“The prime minister’s supporters claim that Israel’s security, expanding foreign relations and economic success are due to Netanyahu’s stewardship and that it would be crazy to trade in his experience for a rookie politician,” Mr. Shapiro, now a visiting fellow with the Institute for National Strategic Studies at Tel Aviv University, told The Washington Times. “His detractors don’t critique his policies as much as they attack his ethics, in light of several pending indictments for corruption and his divisive leadership style.”
Divisiveness has reared its head with the Knesset’s passage last year of legislation defining Israel as the national home of the Jewish people. While the law, as written, protects human rights for all, it states outright that national rights in Israel belong only to the Jewish people.
Palestinians have widely decried the law as an attack on their identity and a stripping of their rights in Israel. Analysts say the sentiment will likely result in diminished Arab voter turnout Tuesday.
Khalil Jahshan, a Palestinian American and executive director of Arab Center Washington, says many Palestinians probably won’t vote because of “the racism that has become institutionalized with the new Jewish national law in Israel.”
“Some people say, ‘Palestinians in Israel, you should stop giving Israel the legitimacy that it uses you for, so don’t participate,'” Mr. Jahshan told The Times. He added that some are asking, “Why are we giving them legitimacy if this is a state just for the Jewish people? We are 20 percent of the population, almost 21, I mean, don’t we count for anything?”
It’s a “maximalist approach,” said Mr. Jahshan, “that if Israel continues to claim it’s a democracy, it should be the state of all of its citizens, just like the United States of America. … No discrimination in terms of religion, color, nationality, whatever.”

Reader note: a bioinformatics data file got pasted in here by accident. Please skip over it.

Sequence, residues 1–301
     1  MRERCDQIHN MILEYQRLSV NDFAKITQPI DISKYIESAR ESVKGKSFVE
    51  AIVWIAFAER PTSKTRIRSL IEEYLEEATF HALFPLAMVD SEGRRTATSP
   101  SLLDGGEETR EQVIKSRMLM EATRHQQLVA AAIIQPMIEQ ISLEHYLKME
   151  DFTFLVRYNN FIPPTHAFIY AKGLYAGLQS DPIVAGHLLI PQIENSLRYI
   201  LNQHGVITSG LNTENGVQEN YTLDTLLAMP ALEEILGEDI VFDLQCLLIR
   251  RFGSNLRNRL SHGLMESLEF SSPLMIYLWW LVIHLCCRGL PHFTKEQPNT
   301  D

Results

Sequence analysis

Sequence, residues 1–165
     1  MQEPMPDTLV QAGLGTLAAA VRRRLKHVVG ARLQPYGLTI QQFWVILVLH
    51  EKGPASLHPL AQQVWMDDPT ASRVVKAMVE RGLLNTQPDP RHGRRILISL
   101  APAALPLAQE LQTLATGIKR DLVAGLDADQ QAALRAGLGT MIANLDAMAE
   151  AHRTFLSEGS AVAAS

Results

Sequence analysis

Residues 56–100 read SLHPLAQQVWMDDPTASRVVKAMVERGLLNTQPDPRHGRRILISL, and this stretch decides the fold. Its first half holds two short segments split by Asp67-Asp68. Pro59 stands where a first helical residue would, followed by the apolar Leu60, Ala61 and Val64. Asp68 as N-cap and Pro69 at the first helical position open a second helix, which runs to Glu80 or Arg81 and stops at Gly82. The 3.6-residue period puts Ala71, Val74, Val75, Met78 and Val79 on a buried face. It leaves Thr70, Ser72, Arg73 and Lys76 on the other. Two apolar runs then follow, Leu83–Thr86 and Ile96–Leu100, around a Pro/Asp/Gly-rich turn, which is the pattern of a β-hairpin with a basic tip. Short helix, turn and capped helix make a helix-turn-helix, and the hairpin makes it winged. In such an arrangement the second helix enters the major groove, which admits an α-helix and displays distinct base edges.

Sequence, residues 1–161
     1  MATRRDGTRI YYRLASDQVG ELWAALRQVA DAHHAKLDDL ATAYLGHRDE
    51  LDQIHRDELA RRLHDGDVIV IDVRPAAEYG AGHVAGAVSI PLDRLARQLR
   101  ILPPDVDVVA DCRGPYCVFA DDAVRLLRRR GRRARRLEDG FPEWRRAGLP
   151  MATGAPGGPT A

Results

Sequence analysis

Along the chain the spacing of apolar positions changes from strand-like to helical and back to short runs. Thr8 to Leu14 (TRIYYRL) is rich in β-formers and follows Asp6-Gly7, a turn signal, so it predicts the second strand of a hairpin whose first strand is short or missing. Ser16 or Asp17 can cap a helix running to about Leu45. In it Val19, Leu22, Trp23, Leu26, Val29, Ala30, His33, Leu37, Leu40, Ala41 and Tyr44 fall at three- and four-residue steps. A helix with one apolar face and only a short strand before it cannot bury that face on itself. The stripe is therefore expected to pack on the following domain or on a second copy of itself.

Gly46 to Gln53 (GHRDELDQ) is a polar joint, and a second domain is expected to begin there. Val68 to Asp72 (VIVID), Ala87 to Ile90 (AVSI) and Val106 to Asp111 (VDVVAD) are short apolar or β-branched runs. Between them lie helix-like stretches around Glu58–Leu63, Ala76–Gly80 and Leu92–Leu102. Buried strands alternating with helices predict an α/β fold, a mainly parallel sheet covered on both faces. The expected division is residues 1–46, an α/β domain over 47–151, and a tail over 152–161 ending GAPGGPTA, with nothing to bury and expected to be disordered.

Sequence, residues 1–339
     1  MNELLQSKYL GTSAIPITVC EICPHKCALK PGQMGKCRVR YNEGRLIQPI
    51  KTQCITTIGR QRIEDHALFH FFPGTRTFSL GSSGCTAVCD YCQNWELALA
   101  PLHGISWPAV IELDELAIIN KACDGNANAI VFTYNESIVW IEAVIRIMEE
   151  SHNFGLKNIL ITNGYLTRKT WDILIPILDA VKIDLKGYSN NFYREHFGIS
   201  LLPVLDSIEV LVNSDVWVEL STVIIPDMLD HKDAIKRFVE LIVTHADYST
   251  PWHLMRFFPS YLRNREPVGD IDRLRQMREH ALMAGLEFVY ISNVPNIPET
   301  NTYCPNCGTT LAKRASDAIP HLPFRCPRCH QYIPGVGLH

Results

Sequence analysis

He said he personally disagrees with the idea of boycotting the vote.
“To me, the maximalist approach is rather an emotional approach,” he said. “It’s like wetting one’s own pants. You get this initial sense of warm sensation, but in the long term, the disadvantages tend to outweigh the advantages.”
Mr. Jahshan noted that in the current Knesset, Arab parties working under a single Joint List alliance currently hold 13 seats. Although that makes them the third-largest party in the legislative body, no Jewish or other parties are willing to include them in a coalition.
Still, the number of seats held by Arab Israelis in the next Knesset could become consequential, specifically if the body ever holds a no-confidence vote against the prime minister. Analysts say the situation could arise if politics around the Netanyahu corruption allegations escalate to hysteria.
While the impending postelection coalition formation could make or break the prospects for such a situation, some say it is folly to try to predict how the chips will fall.
“The polls actually don’t mean anything,” said Jonathan Schanzer, a Middle East scholar with the Foundation for Defense of Democracies who is in Israel for the election.
“Analysis of Israeli politics in the United States is kind of like the original fake news,” said Mr. Schanzer. “Nobody ever gets it right because nothing ever sticks.”
Mr. Kramer, meanwhile, said he won’t be surprised if Mr. Netanyahu wins at the end of the day and Mr. Gantz and Blue and White make a postelection turn of face by offering to bring the centrist bloc into a coalition with Likud.
“I don’t think that Gantz joined politics to sit in the opposition,” Mr. Kramer said. “I think he would cast it as saving Israel from the alternative extreme right partners who would bring about the alienation of Israel from the United States, American Jewry, etc., etc. So, it would become sort of an emergency situation.”